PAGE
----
Take a Drink: for dated music ques
Take a Drink: for the odd feeling of a missing Bond cliché
Do a Shot: when Bond drinks
Do a Shot: for product placement
By: Oberst Von Berauscht (Five Beers) –
After a botched training mission, British super-spy Bond is assigned to a health spa to recover, and to rid himself of “Free Radicals”. While at the spa, Bond uncovers a plot by the evil SPECTRE organization to steal nuclear warheads and to extort the world. In his investigation, he discovers millionaire and philanthropist Maximillian Largo (Klaus Maria Brandauer) is the SPECTRE operative behind the plot. Along the way, Bond meets femme fatale Fatima Blush (Barbara Carrera), whose beauty is as deadly as her sadomasochistic tendencies.
Never Say Never Again is a remake of Thunderball, which was attempted by producer Kevin McClory, who also co-wrote the original novel with Ian Fleming. A long history of lawsuits ended in the 1980s, providing McClory with the ability to make his own Bond film, outside the EON production company set up by Albert Broccoli, which had done all the other films in the series.
There are some things to admire in the movie; the casting of Klaus Maria Brandauer being perhaps the best decision the filmmakers could have come up with. Klaus shines with his devious, scene-stealing portrayal of a truly demented sociopath. Every scene he appears in is immediately made more enjoyable by his stage-presence, with a knowing half-smile that can’t help but draw the audience in.
A much smaller, but equally solid villain performance comes from the great Max Von Sydow as SPECTRE’s leader Ernst Stavro Blofeld. Sydow was a totally different casting “type” from the actors who were asked to play Blofeld in the EON films, and yet through strength of character, he manages to totally embody the mad super-villain archetype.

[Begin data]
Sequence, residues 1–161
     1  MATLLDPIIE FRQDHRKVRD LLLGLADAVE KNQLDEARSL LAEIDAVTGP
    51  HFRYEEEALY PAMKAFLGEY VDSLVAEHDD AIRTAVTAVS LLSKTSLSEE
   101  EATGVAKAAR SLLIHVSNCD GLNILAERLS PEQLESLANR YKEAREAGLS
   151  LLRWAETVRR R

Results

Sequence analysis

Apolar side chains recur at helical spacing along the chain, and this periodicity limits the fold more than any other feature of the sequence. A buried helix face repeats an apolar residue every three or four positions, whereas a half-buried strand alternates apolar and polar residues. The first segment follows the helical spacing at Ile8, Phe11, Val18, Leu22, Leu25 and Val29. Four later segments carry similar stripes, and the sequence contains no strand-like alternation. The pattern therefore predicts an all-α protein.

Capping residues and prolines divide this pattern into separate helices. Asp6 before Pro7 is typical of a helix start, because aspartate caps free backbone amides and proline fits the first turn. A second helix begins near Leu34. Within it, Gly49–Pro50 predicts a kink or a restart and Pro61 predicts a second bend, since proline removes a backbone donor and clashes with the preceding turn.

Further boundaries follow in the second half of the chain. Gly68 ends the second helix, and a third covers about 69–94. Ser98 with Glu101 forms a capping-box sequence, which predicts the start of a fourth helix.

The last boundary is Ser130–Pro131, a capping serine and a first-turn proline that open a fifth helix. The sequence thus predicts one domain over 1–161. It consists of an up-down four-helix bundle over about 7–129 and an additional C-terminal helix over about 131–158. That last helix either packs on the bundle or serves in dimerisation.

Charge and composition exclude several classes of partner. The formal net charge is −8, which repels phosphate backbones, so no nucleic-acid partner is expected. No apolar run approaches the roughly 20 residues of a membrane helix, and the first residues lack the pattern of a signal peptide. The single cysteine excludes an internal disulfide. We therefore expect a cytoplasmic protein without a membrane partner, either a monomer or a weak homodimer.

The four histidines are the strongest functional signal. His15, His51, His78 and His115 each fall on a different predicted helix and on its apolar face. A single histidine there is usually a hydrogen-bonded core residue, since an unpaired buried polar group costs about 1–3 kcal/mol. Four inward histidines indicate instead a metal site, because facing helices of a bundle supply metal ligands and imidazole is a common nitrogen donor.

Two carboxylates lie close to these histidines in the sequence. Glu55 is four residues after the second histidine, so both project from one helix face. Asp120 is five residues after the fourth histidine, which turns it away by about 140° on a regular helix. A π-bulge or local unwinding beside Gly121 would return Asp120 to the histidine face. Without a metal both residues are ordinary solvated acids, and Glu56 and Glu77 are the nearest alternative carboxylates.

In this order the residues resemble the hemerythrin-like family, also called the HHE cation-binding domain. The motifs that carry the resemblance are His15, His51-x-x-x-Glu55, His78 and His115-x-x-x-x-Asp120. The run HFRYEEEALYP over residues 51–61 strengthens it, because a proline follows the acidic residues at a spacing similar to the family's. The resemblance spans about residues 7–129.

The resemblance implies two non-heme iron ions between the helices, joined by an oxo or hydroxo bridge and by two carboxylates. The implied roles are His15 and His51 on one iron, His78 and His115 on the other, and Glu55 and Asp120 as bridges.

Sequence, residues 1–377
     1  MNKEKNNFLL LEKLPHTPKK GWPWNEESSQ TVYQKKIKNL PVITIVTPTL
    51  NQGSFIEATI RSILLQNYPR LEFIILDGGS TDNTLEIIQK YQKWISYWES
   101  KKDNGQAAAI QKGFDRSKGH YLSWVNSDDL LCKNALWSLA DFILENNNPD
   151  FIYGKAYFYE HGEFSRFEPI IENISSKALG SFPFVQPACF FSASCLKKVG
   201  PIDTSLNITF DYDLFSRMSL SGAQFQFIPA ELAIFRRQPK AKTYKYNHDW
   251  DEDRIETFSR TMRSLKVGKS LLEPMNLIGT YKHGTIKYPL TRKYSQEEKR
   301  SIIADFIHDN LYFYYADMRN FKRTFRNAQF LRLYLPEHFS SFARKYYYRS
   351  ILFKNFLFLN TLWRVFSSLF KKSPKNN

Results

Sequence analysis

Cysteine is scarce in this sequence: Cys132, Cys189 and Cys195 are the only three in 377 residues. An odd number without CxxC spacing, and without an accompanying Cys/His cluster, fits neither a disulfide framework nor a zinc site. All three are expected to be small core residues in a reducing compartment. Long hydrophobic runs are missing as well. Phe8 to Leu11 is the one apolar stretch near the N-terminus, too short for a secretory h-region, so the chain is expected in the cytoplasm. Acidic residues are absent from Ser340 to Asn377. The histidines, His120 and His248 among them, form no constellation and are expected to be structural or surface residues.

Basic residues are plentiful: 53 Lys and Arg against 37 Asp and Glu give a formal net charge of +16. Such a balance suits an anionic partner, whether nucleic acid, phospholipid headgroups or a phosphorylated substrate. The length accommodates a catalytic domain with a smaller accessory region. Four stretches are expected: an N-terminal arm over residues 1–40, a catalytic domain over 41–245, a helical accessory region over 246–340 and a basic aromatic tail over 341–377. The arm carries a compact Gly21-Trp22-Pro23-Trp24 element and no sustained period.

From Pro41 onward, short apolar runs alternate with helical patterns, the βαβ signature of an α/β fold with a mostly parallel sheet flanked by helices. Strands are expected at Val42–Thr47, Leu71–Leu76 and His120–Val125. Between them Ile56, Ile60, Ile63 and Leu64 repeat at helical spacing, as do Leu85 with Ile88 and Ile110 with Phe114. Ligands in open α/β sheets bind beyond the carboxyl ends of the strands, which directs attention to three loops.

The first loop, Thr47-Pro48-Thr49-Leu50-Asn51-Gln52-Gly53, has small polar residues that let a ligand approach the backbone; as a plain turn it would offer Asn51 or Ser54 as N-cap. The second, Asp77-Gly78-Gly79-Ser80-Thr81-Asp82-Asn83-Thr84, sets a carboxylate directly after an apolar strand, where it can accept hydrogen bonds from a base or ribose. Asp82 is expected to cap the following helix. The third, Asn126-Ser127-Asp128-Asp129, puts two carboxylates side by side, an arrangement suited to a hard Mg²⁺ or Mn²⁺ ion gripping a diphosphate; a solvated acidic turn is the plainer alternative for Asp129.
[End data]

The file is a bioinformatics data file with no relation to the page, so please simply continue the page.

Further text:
As much as I love Rowan Atkinson as a performer, his casting as comic relief in the film’s 2nd act feels like a waste of good talent. His character plays absolutely no role in the plot, instead serving to extend the film’s length in the name of light comedy.
Sean Connery just feels lost in this story, without any real direction or chance to shine as a performer. The Bond role shouldn’t be a thankless pursuit, but it is clear he should have hung up his cufflinks after Diamonds are Forever like he said he would. (Rumor has it Connery had a bone to pick with EON productions, and took this role in retribution and as a final insult to Albert Broccoli.)
It is of course understandable that the filmmakers couldn’t use the original Bond theme music, but why they instead chose for the soundtrack to be what amounts to smooth jazz and light disco is beyond me. By 1983, the music featured here was as uncool as bell bottoms and leisure suits. And the song in the opening title sequence is simply an abomination.
The chief problem with Never say Never Again is in pacing. At 134 minutes, the film is about 30 minutes too long. Of course, this was also the case of Thunderball, so it’s no surprise that a story based on the same novel would carry similar problems. Just like Thunderball, the extended “Health Spa” sequence at the beginning of the film feels wasted, as the story doesn’t really begin in earnest until at least a half-hour in. It also highlights the sad fact that while Sean Connery is three years younger than Roger Moore, in this film he seems a heck of a lot older…
Even more painful is the climactic battle, which should be the high point of action and excitement. There simply isn’t a word to describe how uninvolving it is. Director Irving Kirshner was normally very dependable with action scenes, but this feels cold, unemotional.
Capitalizing on new trends is a long-running tradition of James Bond films, from the Blacksploitation elements of Live and Let Die, all the way to changing Bond’s preferred game of Baccarat to Texas Hold ‘Em in Casino Royale. But the “Domination Game” featured in Never Say Never Again is perhaps the most curious. Space-aged vector hologram-based graphics, an awkward electronic voice, and an electric shock delivery system to harm the players are just a few elements of a video game which Bond must play against Largo. The gameplay makes very little sense, and it is clearly obvious that the direction given to Sean Connery was “look hurt, and wiggle the joysticks willy-nilly”.
Released just a few months after the equally unfortunate Octopussy, the movie grossed almost as much at the box office. Sean Connery and Kevin McClory got their wish of embarrassing Albert Broccoli and EON. Was it worth it?…